Open Top Tubes - This style resembles the original tube designs of the first towables. Depending on the size, riders can sit in the opening or on the side with their feet in the opening. The open top tube is available in both fully covered and partially covered styles. The ride may range from a casual tow to a more exciting, fast slide across the wake.
Cockpit Tubes - These are similar to open top tubes with an opening in the top, but also with inflatable bottoms, so they can be ridden while sitting in the opening instead of on the side. Cockpit towables are great for children (or grandparents) looking for a simple fun pull around the lake. The comfortable confines of the cockpit provide the confidence needed for someone just starting out tubing.
Flat Deck Tubes - Deck tubes continue to be a very popular choice among towable enthusiasts. Designed for speed, the deck tube can occasionally catch some air coming off the wake. Most deck tubes have a low profile which means they're easier to board. Since deck tubes are ridden while lying in a prone position, make sure there are EVA pads on the cover to prevent chafing and to make the ride more enjoyable.
Winged Tubes - Tubes designed with upturned side wings are easier to control around the wake. The wings make it easy to maneuver and deliver tight turns. Winged tubes provide more stability than standard deck tubes.
Towable Tubes with Dual Tow Points - Some towables are designed with more than one quick connect for attaching to the tow rope. This lets you tow the tube forward or backward and provides you with a choice in riding positions. The versatility of the dual tow points is great when you have a variety of ages and abilities of riders wanting to ride.
Inline Tubes - Also known as Hot Dogs or Banana Boats, an inline towable has a long design that lets riders sit in a row. Think of a log ride, except your sitting on top of the towable with handles provided for each rider. These towable sleds are usually a little heavier and require a good towing watercraft, but they are a terrific all-around ride for everyone in the family.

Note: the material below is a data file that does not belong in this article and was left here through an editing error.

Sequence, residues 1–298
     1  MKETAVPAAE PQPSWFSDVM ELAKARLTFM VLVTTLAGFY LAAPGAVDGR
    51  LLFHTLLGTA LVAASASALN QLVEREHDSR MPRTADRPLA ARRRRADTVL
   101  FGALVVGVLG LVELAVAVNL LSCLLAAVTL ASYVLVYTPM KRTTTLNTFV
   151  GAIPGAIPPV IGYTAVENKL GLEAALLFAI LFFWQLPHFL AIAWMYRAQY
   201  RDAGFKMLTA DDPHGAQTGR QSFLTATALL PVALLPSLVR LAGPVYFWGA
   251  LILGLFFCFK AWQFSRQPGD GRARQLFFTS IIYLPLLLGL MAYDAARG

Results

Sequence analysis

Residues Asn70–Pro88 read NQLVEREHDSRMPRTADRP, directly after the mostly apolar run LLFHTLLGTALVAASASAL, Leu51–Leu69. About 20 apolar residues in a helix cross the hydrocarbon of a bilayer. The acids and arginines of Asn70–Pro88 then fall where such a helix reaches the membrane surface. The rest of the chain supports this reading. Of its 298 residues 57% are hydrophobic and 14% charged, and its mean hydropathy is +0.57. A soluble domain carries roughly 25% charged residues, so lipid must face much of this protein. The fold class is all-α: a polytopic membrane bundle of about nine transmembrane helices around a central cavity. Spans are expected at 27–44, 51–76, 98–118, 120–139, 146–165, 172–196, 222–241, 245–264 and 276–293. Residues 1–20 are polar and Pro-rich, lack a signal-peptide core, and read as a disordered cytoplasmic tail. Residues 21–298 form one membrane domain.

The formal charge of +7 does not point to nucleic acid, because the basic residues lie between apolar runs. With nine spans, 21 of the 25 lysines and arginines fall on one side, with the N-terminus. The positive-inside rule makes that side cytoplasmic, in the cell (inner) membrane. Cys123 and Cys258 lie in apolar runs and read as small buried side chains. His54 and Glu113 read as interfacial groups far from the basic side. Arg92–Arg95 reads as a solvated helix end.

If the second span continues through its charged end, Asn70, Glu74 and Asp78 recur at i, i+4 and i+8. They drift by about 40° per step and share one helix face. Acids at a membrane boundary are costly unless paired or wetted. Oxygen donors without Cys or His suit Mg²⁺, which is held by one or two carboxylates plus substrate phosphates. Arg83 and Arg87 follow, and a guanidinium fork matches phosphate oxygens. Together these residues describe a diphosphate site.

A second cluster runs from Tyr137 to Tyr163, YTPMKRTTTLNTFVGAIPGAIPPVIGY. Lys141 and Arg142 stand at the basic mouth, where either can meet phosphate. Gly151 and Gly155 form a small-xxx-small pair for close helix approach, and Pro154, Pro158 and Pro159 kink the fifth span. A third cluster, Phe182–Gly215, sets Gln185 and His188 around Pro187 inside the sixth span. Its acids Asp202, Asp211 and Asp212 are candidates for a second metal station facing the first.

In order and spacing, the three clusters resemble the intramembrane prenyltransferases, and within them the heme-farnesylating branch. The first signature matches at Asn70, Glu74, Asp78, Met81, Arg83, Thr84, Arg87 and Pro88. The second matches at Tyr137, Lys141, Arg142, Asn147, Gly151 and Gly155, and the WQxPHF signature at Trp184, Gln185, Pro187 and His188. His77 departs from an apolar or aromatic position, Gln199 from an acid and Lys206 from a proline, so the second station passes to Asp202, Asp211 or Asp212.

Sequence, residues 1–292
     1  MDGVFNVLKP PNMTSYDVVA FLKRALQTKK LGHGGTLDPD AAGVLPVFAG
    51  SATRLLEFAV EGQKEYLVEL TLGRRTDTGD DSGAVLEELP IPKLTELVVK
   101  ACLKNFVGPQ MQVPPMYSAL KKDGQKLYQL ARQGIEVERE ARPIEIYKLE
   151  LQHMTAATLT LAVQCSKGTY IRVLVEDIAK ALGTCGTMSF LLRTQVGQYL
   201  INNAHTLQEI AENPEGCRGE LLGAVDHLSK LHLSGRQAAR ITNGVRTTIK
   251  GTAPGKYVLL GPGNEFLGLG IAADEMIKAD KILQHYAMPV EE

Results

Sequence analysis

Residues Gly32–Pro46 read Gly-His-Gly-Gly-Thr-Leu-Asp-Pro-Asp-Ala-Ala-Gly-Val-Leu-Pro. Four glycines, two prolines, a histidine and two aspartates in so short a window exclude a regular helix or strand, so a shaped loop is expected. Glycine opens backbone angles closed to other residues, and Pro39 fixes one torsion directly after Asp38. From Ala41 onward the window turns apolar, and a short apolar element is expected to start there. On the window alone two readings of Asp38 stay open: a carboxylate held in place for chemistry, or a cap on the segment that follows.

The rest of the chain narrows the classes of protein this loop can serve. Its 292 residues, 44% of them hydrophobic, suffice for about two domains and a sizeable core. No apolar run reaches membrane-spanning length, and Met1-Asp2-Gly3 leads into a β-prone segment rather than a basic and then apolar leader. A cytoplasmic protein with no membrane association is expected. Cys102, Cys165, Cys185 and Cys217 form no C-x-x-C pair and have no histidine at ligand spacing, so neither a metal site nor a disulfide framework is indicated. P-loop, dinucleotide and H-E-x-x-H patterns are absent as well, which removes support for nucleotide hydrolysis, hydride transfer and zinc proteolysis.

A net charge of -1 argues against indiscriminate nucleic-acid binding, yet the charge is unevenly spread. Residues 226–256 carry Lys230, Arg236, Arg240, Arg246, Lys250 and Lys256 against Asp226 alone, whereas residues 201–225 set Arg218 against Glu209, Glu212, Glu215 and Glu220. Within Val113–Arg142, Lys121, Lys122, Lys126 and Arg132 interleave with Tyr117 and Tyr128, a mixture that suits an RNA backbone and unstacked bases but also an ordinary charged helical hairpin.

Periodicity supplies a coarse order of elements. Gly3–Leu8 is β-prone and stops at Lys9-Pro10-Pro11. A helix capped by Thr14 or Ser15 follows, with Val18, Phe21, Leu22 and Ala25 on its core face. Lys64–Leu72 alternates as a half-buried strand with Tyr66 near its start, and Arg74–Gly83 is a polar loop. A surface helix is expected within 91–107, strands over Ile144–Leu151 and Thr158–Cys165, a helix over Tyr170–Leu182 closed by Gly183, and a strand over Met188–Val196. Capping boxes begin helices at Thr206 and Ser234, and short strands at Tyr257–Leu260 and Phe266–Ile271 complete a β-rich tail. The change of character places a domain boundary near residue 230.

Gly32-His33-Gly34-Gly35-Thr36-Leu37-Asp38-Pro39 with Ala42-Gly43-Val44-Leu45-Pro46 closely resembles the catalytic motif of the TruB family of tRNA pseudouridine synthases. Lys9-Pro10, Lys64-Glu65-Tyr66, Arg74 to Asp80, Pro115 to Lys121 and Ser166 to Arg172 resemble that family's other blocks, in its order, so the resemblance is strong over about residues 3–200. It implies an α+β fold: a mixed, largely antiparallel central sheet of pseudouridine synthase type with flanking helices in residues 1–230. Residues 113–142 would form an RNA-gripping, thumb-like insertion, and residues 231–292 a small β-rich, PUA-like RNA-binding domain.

Other Styles - New designs range from towables with towers that allow the rider the option of standing to interactive seating designs that provide plenty of riding choices. In an effort to reduce surface contact with the water, some towables are designed with rounded bottoms or spheres that suspend the deck off the water, making the towable tube faster and easier to whip.
When selecting the size of your towable, remember that the industry standard for weight limit is 170 lbs. per rider. This means that a 2-rider towable will be rated at 340 lbs., a 4-rider towable at 680 lbs., a 6-rider towable at 1020 lbs., and so on. Pulling a towable with more weight on it than recommended hinders performance and may cause drag or nose dives. It also puts undo stress on ropes, connections, and the tube itself.
Never use a tow tower or ski tow pylon to pull your tube. If the tube dives, the stress on the tube and rope would be tremendous. It's best to use a transom ski tow, or if you have transom rings, a Gladiator Tow Harness is great for pulling tubes. The Gladiator Tow Harness comes in 12' and 16' options, so it will fit most boat styles including pontoon boats.
For quick and easy inflation, it's important to have the right type of valve. Screw-on valves like the Boston Valve are very popular because they're easy to handle. It's also important that the nozzle on your inflator/deflator works with the valve on your tube. Many inflator/deflators come with adapters that fit a wide range of valves.
The Boston Valve is a screw-on two-way valve. The bottom portion is screwed into the towable, while the top valve is screwed open for inflation and then tightened after inflation. Air is easily released by unscrewing the base connector. It's important not to miss a thread when screwing in the Boston Valve as it may cause the tube to slowly leak air. Boston Valves can be replaced easily.
The Speed Safety Valave is a simple, easy-to-use valve that's welded directly to the towable bladder. It opens for inflation when pushed in. The Speed Safety Valve cannot be replaced. If it becomes detached from the bladder, then you'll need to replace the whole bladder.
The Lightning Valve from O'Brien is similar to the Boston Valve except that it is attached to the towable, so there are no parts to keep up with or lose. The wider opening inflates and deflates much faster than the Boston Valve. An interior flap prevents air from escaping even if the cap is not in place.
The Stem Valve resembles a tire valve in that it has a stem that opens the valve in order to fill the towable with air. Once the air pump is removed, the air pressure inside the bladder pushes against the valve to seal it and keep the air from escaping.
The Rapid Inflate and Wide Rapid Inflate Valves are designed to receive a high volume of air. They have a low profile and a valve cap.
Other Features Worth Checking Out
PVC Tube - Most towable tubes are made of PVC with thicknesses between 24 and 30-gauge. The higher the gauge, the thicker and stronger the material is. If the PVC on the tube is exposed, it's best to have a higher gauge PVC.
Coated Nylon Cover - Towable tube covers are usually a coated nylon with a 420 or 840 denier rating. The higher the denier, the tougher the cover is.